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105

Releasing a project under the MIT license is giving people permission to fork the project. Part of the philosophy behind free software is to give users and developers the right to use, modify, and release the software in ways that wouldn't normally be allowed. If you don't want people to do this, then don't use the MIT license. You can't really complain when ...


48

Was Xamarin's action and the way the action was done ethical or not? Well, let's ask an expert - The Open Source Initiative's listing of the MIT License itself, with the license quoted in it's entirety: The MIT License (MIT) Copyright (c) Permission is hereby granted, free of charge, to any person obtaining a copy of this software and ...


15

I wouldn't call it unethical. I would call it unsportsmanlike. There's an unwritten expectation that you will give a good faith effort to improve the original version before deciding to fork, and it seems the original author feels that good faith effort wasn't made. That being said, the best way to avoid your software being forked is to be responsive to ...


14

What Xamarin did is legal and ethical... almost. Let's have a look at the commit fixup of the license and misc typo fixes in the readme: LicenseAndCredit.txt (diff) -Copyright (c) 2010-2012 cocos2d-x.org - -Copyright (c) 2008-2010 Ricardo Quesada -Copyright (c) 2011 Zynga Inc. -Copyright (c) 2011-2012 openxlive.com -Copyright (c) 2012 Totally ...


11

As a general rule, problems are worth fixing when the expected benefit exceeds the expected cost. Thread safety is no exception from this rule, it's just that the way of calculating the risk that determines the expected cost is particularly complex and ill-understood by many. To begin with, threading safety is not on many people's radar. They will simply ...


7

Was Xamarin's action and the way the action was done ethical or not? A lot of people are conflating the legal and ethical situation. The X11 license allows anyone to "use, copy, modify, merge, publish, distribute, sublicense, and/or sell copies of the Software, and to permit persons to whom the Software is furnished to do so", so this is ...


5

Why designed natural languages are not common There are three reasons why you learn a natural language: Your parents or environment speak a language, and you naturally try to understand what they are talking about. Your school requires you to learn a couple of foreign languages. ohmygosh {Esperanto,Quenya,Klingon,Lojban} is awesome because I am ...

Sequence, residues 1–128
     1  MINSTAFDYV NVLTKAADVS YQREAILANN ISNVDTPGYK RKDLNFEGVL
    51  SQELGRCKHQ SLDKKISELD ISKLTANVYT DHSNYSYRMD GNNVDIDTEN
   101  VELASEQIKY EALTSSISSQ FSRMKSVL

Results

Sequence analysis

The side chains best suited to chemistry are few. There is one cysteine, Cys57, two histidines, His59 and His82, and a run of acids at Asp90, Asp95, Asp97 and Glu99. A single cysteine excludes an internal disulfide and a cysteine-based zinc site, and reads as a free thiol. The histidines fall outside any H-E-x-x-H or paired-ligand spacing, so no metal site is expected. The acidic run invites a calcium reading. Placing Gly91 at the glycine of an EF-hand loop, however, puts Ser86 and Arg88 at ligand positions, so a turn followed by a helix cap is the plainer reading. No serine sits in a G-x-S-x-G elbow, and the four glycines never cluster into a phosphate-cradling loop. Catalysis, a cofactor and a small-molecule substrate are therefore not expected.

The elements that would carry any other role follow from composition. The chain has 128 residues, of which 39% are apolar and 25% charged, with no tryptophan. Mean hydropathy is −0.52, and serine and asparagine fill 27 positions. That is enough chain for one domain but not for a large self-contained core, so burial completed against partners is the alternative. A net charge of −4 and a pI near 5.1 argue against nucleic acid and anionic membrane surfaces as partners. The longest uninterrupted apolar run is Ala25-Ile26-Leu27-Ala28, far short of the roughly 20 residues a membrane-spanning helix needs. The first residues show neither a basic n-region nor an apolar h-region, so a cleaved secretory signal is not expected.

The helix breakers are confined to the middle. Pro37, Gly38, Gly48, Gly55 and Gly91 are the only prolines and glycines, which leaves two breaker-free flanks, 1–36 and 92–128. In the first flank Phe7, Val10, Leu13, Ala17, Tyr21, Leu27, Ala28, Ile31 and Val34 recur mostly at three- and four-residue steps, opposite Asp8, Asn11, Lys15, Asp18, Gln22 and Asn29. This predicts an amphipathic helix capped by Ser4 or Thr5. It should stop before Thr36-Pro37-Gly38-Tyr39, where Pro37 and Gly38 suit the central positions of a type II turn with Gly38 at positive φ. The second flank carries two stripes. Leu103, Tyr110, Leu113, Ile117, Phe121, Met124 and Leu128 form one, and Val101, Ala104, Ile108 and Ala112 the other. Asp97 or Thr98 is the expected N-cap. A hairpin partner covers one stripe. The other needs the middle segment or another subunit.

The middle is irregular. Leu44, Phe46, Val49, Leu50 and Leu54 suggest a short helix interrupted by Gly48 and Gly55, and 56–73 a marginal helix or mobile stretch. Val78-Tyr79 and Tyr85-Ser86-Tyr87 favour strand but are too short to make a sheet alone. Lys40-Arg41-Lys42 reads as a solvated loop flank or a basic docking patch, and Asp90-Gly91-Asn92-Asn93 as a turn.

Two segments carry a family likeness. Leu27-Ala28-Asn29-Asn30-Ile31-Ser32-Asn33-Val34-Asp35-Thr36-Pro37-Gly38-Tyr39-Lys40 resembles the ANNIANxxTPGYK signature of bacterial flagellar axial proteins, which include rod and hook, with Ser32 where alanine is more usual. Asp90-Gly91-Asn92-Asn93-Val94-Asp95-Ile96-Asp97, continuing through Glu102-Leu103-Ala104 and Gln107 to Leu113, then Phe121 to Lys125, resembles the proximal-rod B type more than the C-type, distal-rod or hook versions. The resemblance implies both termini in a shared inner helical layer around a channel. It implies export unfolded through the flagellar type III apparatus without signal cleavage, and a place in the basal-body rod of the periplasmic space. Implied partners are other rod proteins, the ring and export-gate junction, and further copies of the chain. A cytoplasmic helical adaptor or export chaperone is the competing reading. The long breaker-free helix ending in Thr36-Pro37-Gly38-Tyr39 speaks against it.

4

It would be shady to allow people to draw incorrect conclusions about the authorship of whatever code the fork ships, even if the legalities are covered by providing the necessary notices and revision history for anyone who chooses to look closely. So maybe Xamarin's presentation is unethical, maybe it isn't, but I think that's the basis on which to judge ...


3

I would fix this bug, not just because of the race condition, but also because the version where you call Now once at the start and save it is much easier to reason about in general. Basically, the more predictable a function is, the easier it is to understand. Now is, in a way, very unpredictable (it might return different values every time you call it), ...


1

An expansion of the trademark topic: At the Apache Software Foundation, all the code is AL. And, as with the BSD license under discussion here, it's perfectly clear that the AL permits forks. Period. End of discussion. In fact, as discussed in other answers, all true open source licenses permit forks. All they control is the license / usage of the forked ...



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